How to Garden in Containers on the Balcony

How to Garden in Containers on the Balcony

A balcony can become an outdoor oasis filled with lush green plants, colorful blossoms or abundant vegetables. Make the most of the small distance by putting in containers and arranging them to take advantage of vertical distance. Almost any vegetable or herb, most annual flowers and many perennial ornamentals can thrive at a container with appropriate care. Plants with the words “dwarf,” “miniature” or “terrace” in their title are especially bred to grow well in tiny spaces.

Determine the sunlight exposure of the fireplace by monitoring the sunlight that reaches it throughout the day from the spring and summertime when you intend to garden. Most vegetables require at least six hours of daily sunlight, while herbs, flowers and a few leaf vegetables may tolerate shade or partial shade. Select plants which grow well in the lighting your balcony typically receives.

Fill planters with potting soil and set them on drip trays so moisture doesn’t drip throughout the fireplace onto these beneath. Use planters or hanging baskets with bottom drainage holes so that the dirt doesn’t become soggy. Select small 2-gallon baskets and pots for many annual flowers and herbs. Use 5-gallon pots to get larger vegetables and perennials.

Install a shelving unit and one wall of the fireplace to extend your growing space. Establish heavier and larger pots on the bottom shelves and also smaller pots on the closets. Use a unit with adjustable height shelves, allowing you to quickly modify the shelves to fit the most plants on the balcony.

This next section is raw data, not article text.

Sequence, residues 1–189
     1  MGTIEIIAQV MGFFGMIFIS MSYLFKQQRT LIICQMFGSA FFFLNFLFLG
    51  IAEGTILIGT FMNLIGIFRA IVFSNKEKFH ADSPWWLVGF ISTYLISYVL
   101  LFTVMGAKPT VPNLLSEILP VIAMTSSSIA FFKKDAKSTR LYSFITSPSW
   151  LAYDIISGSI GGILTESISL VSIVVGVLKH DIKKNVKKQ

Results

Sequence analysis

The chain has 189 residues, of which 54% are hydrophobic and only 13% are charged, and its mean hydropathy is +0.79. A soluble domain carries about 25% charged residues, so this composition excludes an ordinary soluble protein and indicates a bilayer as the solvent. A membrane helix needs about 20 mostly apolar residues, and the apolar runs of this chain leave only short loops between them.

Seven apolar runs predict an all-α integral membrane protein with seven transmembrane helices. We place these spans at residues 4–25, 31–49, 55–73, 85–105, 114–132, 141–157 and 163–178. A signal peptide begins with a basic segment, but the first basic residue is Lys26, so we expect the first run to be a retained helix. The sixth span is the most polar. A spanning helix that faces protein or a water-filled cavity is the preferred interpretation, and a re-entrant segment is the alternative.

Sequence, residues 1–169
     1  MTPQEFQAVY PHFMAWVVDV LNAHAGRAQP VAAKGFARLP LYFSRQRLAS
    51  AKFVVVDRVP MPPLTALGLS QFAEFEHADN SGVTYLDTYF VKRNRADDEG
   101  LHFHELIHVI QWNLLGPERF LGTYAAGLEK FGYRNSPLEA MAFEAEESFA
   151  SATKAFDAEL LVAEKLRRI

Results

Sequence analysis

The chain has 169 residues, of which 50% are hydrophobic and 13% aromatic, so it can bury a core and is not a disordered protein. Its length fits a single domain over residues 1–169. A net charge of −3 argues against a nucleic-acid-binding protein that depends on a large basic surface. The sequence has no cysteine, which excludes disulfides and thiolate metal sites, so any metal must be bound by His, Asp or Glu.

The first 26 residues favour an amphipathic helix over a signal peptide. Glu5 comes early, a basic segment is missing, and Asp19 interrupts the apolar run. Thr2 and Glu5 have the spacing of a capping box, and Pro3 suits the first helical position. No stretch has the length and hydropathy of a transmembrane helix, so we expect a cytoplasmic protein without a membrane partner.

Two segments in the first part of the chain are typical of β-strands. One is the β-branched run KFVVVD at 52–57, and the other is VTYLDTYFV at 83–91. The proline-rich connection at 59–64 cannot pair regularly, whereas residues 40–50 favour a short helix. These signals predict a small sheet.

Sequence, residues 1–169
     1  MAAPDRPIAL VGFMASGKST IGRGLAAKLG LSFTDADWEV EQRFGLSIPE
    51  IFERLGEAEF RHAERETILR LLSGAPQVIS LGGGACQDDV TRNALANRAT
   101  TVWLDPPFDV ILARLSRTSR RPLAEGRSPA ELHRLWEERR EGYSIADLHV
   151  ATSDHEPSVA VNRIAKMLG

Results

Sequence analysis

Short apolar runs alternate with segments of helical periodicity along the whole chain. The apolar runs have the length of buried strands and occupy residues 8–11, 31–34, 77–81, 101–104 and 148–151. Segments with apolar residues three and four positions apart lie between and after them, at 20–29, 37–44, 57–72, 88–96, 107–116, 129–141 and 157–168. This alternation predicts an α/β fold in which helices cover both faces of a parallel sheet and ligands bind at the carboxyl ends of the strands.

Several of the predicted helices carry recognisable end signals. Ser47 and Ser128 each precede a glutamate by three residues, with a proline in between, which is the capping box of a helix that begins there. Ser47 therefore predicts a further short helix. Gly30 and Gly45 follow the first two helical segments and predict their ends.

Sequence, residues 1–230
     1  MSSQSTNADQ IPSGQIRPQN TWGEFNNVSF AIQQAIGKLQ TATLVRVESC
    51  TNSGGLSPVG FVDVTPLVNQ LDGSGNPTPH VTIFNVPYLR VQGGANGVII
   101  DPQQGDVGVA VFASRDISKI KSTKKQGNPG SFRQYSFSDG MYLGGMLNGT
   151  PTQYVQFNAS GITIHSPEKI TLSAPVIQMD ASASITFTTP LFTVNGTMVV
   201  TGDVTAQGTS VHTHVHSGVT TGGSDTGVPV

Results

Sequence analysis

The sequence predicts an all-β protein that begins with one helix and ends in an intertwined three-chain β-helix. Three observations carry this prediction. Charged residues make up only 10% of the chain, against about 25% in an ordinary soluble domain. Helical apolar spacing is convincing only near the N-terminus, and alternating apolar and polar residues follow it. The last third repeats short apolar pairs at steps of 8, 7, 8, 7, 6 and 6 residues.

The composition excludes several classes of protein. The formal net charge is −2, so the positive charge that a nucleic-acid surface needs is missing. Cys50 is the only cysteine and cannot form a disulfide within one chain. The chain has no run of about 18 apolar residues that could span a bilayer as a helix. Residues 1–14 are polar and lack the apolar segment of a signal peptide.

Plant flower or vegetable atom in ready pots. Plant the seedlings at the same depth they were growing in their previous container. Arrange the pots on the balcony in order that they receive the necessary sunlight exposure to your plant variety, which is available on the plant care label.

Place tall or climbing plants in which they could climb your balcony railing, or install a small support stick or trellis from the grass. Lean massive trellises against a wall. Plant climbers, like clematis or morning glories, in long narrow containers at the bottom of the trellis or railing and also tie vines to the supports with cloth plant ties. Grow vegetables, like pole beans, tomatoes and raspberries, on vertical supports.

Hang some planters from the balcony roof or plant them in planters attached to the balcony railing. Grow flowers, strawberries and compact cherry tomato types in hanging baskets. Plant beans and peas to track over basket sides instead of up a support. Arrange hanging baskets in order that they receive sunlight, but don’t block the sun from reaching the plants on the balcony.

Water container plants when the top inch of soil feels dry. Irrigate until moisture starts to drip out of the container bottom and into the tray. Outside fireplace plants might require watering daily in warm weather, particularly if the balcony comes with a overhead cover, so plants can not receive natural rainfall.

Fertilize most plants once monthly from the spring and summertime. Use a soluble fertilizer formulated for the plant type and applied from the amount recommended on the package.

Prune plants monthly from the summer and spring so that they do not outgrow the pots or the fireplace. Pinch back the growing stems of flowers to your leaf grass to encourage smaller, more compact growth. Harvest the outer leaves out of herbs and leafy vegetables in order that they do not grow too large and also to encourage fullness. Most perennial plants bear pruning in spring, so remove up to half the plant’s height and growth to keep its dimension.

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